Warhammer 40,000: Dawn of War III Review

Warhammer 40,000: Dawn of War III Review

In the grim darkness of the far future, Relic Entertainment changes up the Dawn of War formula again.

I have a long love affair with Relic Entertainment's Warhammer 40,000: Dawn of War series. I find that interesting, because outside of a consistent narrative layer, the first two entries in the series are very different games. The first Dawn of War was a traditional real-time strategy game, focused around base-building and amassing huge armies to pummel your foes. The second Dawn of War focused on powerful heroes leading a smaller squad into battle, leaning closer to a strategy RPG experience without any base-building whatsoever.

Each game has its own fanbase. Relic made them work as a franchise through, mostly through strong expansion support for each title, adding additional campaigns and races to the mix.

Dawn of War III looks to reinvent the wheel again, sitting in-between the previous two Dawn of War titles. There is base-building and resource gathering through controllable points, but the armies are smaller and summonable elite units work like the heroes in Dawn of War II. You can compare DoW III to Warcraft III or Relic's Company of Heroes. Unlike Dawn of War II's heroes, Elites stay at a mostly similar power-level, with power escalation coming through summoning better elites and the massive Super Elite units.

On top of this, Relic has added a multiplayer mode that leans towards the MOBA style of play, complete with MOBA terminology for your selected elite units. (The operative word is "leans". This is still firmly a real-time strategy title.)

An Eternity of Carnage and Slaughter

The narrative and single-player campaign of Dawn of War III takes place on the planet Acheron, where the Space Marines, Orks, and Eldar all collide in all-out war. The planet hides a secret though, a powerful weapon that characters from each faction would love to control. The campaign has you jumping from faction-to-faction, filling in the overall mystery and giving you a feel for the basic units and Elites. For all you Dawn of War veterans, Gabriel Angelos is still out there kicking around his big hammer and Farseer Macha leads her warhost.

The story is decent, but I don't feel it necessarily stands up to Dawn of War's Dark Crusade or Dawn of War II's Chaos Rising expansion. It feels like a lengthy tutorial for the game's multiplayer mode, letting players understand the full scope of the three factions.

The Space Marines are the most straightforward faction, collecting resources to build new buildings and unlock upgrades back at their base. The kicker here is the ability to shove squads into drop pods to deploy the around the battlefield. The pods act as a one-shot artillery upon entry, so you can use them to soften an enemy line.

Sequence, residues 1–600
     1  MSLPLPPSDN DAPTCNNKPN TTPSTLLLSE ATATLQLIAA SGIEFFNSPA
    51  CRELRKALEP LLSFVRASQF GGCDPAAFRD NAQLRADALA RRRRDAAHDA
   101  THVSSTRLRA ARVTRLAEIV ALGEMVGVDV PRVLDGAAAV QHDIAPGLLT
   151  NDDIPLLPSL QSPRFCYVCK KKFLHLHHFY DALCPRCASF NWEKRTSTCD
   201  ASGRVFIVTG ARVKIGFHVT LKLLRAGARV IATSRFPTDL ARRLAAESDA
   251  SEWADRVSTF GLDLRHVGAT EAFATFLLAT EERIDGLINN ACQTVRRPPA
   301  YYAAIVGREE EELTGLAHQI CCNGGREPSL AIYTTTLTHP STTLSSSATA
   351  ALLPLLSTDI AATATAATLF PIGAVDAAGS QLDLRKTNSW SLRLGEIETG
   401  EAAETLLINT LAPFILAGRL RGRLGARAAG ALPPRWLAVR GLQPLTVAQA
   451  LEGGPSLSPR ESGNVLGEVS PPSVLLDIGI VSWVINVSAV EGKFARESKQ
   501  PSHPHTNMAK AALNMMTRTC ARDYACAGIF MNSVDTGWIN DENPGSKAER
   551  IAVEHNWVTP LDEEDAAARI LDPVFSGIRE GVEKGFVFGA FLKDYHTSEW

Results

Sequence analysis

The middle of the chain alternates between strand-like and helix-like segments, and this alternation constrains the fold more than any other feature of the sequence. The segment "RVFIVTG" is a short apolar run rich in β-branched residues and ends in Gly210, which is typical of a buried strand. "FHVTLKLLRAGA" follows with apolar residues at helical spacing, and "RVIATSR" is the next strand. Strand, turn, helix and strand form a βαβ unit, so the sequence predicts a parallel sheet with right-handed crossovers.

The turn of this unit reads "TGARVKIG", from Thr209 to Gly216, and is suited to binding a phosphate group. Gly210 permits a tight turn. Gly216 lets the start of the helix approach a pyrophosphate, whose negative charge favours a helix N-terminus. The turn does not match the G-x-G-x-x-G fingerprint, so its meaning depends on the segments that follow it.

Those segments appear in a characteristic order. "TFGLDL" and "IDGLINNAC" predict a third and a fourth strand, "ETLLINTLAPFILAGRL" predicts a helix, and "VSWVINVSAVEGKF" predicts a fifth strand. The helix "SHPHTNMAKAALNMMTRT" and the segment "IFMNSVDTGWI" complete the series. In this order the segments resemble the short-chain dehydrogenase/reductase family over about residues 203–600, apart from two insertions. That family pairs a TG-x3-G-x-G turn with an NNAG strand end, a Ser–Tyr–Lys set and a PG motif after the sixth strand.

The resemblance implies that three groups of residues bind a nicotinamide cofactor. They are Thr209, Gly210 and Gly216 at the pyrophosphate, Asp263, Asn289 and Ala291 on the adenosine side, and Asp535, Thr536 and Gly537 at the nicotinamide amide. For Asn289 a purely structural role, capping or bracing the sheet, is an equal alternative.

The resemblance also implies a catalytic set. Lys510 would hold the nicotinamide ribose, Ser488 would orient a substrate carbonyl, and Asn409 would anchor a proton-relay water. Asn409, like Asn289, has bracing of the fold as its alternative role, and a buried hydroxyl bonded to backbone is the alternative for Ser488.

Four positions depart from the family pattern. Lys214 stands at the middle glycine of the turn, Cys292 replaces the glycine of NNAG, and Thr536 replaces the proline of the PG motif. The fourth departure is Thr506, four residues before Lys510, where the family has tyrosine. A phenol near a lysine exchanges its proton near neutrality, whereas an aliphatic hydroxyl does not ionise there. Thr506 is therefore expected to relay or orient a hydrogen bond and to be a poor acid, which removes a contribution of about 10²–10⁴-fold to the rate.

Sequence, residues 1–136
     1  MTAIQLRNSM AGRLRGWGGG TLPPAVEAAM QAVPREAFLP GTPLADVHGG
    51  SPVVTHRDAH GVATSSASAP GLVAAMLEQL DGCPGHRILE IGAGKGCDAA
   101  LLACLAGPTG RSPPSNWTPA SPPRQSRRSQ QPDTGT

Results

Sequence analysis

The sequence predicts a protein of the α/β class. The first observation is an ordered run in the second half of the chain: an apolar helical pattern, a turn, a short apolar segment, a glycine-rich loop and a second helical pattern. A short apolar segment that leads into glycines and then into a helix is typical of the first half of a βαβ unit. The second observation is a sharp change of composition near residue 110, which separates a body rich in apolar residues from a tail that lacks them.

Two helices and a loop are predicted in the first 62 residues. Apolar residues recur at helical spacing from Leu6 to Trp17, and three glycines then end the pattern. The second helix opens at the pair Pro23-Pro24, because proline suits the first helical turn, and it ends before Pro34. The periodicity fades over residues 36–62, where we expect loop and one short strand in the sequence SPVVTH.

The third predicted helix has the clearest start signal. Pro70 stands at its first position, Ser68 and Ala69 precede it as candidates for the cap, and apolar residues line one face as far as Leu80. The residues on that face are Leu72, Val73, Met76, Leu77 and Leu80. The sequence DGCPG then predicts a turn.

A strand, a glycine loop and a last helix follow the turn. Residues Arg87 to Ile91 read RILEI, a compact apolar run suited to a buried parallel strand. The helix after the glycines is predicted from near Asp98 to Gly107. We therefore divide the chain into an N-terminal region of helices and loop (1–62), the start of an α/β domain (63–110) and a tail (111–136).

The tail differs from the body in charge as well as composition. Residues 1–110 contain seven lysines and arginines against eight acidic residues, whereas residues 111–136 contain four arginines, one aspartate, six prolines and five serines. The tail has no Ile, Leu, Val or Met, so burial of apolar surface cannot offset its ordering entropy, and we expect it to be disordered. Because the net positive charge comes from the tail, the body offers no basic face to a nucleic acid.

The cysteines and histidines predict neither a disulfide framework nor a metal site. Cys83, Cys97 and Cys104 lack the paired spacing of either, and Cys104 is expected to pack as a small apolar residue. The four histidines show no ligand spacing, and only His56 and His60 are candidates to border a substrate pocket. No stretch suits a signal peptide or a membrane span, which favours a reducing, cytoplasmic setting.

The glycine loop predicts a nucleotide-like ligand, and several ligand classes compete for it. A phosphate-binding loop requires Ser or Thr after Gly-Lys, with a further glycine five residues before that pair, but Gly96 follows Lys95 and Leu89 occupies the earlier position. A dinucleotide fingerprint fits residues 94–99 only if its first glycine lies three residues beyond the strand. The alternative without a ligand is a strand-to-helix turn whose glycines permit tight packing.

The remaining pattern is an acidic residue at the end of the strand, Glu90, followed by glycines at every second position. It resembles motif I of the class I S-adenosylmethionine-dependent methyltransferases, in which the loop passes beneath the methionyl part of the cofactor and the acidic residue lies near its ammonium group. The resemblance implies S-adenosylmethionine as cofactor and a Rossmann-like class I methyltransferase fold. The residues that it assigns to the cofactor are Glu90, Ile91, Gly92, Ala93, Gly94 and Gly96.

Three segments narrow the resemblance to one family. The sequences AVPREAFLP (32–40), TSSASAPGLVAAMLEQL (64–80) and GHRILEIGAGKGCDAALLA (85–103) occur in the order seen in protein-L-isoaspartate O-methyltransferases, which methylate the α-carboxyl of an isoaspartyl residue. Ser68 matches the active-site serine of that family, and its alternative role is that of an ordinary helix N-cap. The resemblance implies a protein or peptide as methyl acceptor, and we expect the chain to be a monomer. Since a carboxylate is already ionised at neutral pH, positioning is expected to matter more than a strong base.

Orks are slower and more aggressive than the other three factions, but also the most variable in terms of composition. Ork bases are fortified and upgraded by Waaagh towers. These towers not only upgrade your overall strength they also drop Scrap at a set interval, which you can use to buff your units and gain new abilities. Gretchin workers can turn Scrap into the ork mechanized units, versus the Space Marines having to build a specialized Machine Cult building. Scrap can also be found on the battlefield by destroying mechanized units, giving Orks a mid-field push advantage. Some Elites can even store or summon Scrap.

Then there's the Eldar, which are the fastest and most subtle faction in Dawn of War 3. They're tricky, meant for hit-and-run attacks and whittling down enemy forces. All Eldar units have shields that have to be taken down before they can really be damaged. In addition, the Eldar can construct Webway Gates to get around the map quickly and their structures make every unit faster as a passive.

The Emperor's Angels of Death

On top of the basic composition of each race, you have Elites and Doctrines. Elites are the key units in your army. While basic units and structures require requisition and power to build, Elite units are summoned via elite points. Each Elite has an elite point cost, with stronger Elites and Super Elites costing 7-10 points. You earn the points slowly during any match, or through the center Elite node in multiplayer.

Elites are your heroes, each with direct attacks, special abilities, and army buffs. You'll eventually choose a set of three Elites from your unlocked group. Maybe you want a Hero to lead your army, or you may summon a Super Elite, like the Imperial Knight, to push an enemy stronghold with overwhelming firepower. Super Elites feel damned powerful, tearing up entire armies on their own when they enter the picture. You never completely lose an Elite if they happen to die, as they go on cooldown for previous minutes. Choosing which three Elites to take into a map is part of the strategic layer.

Then there's Doctrines, passive abilities that add some new capabilities to existing units. There are Elite Doctrines, like Gabriel Angelos' with the Slam Barrier, which offers a short-lived barrier to one of the Dreadnought's abilities. Then there are Army Doctrines, like the Eldar's Webway Holo-field, which offers stealth capabilities to units near your Webway Gates. You pick three of each (one per Elite, and three per Army) and they allow you to tailor each faction to what you believe you'll encounter in each match. Together Elites and Doctrines allow for gameplay customization of your armies.